This plan’s success is tied to identifying the appropriate measures to use to influence the entire organization towards change. This is only possible if the human resource is differentiated or grouped into appropriate sections, depending on the effect of the change program on the individuals (Aladwani, 2001). For the purposes of implementation, two groups have to be identified. The strategic actions taken to ensure success of the program depend on which group the individuals are placed. It is also imperative to note that there are no clear lines dividing the groups (Devanna, Fombrun, Tichy, & Warren, 2006). Each individual in an organization undergoing changes is affected and has some influence over the changes being made.

The plan consists of two factions; those affected by and those influencing the changes. However, as mentioned above, there are no distinct lines of division. Taking the case of Cowboy bank, for instance, each stakeholder as identified here is impacted by the change and drives the changes. What differentiates them is the level of control each has over the changes being executed.

The management has a greater control over the changes than the rest of the human resource. Consequently, the changes affect them least (Lorenzi & Riley, 2000). The job description of those in the leadership team remains almost certainly the same, their income structure is constant and they do not relocate to new locations due to shift in the bank branches. This means that even though they make the most significant change decisions, they do not have face the greatest disruption. They are therefore the drivers of change. In the previous section, it was mentioned that the drivers of change would be identified. These individuals are ranked the highest in the hierarchy of the organization. Note that even though the impact does not directly fall on them, they bear the greatest responsibility in the success or failure of the change program.

The lower level managers also have considerable control over the changes fronted by the leadership team. However, unlike the leadership team, they are responsible for specific functions of the program. They are also affected by the changes. In the Cowboy scenario, they will have to relocate to new locations and some will change their jobs. Some might even be forced to give up management positions. As mentioned before, their responsibility for the program’s success or failure is limited to the specific faction each manages. To this extent they drive change in the organization.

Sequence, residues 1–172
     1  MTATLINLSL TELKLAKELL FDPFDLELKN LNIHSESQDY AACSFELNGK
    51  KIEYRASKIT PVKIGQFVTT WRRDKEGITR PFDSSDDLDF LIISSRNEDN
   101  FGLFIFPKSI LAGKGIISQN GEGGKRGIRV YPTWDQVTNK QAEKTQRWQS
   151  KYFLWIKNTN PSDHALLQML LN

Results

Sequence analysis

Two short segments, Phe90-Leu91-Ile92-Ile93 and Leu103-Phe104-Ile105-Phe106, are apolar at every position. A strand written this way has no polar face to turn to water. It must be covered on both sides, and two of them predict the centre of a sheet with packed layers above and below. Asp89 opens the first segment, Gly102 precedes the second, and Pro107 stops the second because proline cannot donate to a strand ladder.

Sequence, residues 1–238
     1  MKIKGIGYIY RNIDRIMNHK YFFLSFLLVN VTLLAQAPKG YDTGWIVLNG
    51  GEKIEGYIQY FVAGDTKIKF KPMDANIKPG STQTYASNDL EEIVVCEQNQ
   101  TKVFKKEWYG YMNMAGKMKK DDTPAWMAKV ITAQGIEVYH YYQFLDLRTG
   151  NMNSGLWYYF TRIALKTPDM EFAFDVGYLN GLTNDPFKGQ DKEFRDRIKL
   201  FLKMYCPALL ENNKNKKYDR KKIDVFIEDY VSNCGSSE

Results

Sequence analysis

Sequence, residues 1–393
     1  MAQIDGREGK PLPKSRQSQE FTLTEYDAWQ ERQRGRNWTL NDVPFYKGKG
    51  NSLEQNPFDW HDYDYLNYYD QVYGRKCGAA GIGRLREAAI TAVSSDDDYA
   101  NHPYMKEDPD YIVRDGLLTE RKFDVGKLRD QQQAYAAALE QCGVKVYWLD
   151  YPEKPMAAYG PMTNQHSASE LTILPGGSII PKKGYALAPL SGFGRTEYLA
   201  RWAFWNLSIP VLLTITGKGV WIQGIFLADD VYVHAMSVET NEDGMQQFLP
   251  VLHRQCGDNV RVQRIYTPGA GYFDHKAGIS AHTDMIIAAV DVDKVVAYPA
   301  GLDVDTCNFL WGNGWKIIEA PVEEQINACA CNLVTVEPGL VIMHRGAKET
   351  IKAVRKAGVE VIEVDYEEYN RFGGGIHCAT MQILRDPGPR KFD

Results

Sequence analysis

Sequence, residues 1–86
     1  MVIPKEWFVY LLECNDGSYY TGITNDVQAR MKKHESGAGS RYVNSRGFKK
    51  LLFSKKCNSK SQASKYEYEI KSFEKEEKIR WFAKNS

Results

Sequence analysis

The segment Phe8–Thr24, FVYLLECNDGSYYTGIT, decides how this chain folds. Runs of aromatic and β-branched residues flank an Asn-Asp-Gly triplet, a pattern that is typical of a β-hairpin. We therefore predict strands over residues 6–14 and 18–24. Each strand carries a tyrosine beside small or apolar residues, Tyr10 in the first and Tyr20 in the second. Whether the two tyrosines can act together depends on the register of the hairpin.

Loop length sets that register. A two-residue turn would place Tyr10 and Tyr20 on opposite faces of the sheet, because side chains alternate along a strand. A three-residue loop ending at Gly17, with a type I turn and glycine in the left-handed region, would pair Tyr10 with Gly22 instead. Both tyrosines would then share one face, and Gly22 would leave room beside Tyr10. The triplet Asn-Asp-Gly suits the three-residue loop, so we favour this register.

The rest of the employees have the least control over the changes happening in the organization. The greatest impact is on them. They also collectively carry the greatest responsibility of attaining the goals of Cowboy bank. It is also sensible to consider them the collective driver of change in the organization. Under appropriate and efficient leadership from management, they have the capacity to achieve the main goals of the change program. Perhaps the only control they have over the changes is their collective rights which are protected by trade union and labor laws. When structuring the change program, the leadership team has to consider these laws, failure to which could lead to legal action.

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2.5 Implementation Plan Sponsors

This plan can only achieve so much in the organization, without proper support. The sponsor of a plan lends his or her authority and expertise to the plan. Therefore, the plan derives authority from that of the sponsors. The most appropriate people to sponsor this plan are those who structured the change program. Cowboy bank’s leadership team is going to be the sponsor for this implementation plan. As the authority figures in the company, they are able to inspire and influence the rest of the personnel to follow through the plan. Since the plan will also have guides as to what could go wrong and how to mitigate these risks, the leadership team is properly placed to take action in case any of the scenarios identified come to light. Since their decisions are almost always final, time taken to counteract the effects is reduced.

The leadership team will also have the authority to make changes to the plans if necessary. This way, changes made to the plan are sufficiently backed by the organization. The leadership team will also take responsibility for the success or failure of the plan. This is because the team will approve it before it is instituted. Sponsorship also means that the team will take charge of the responsibility to appoint other individuals to implement the plan. These individuals might be current managers or even outside consultants with field expertise.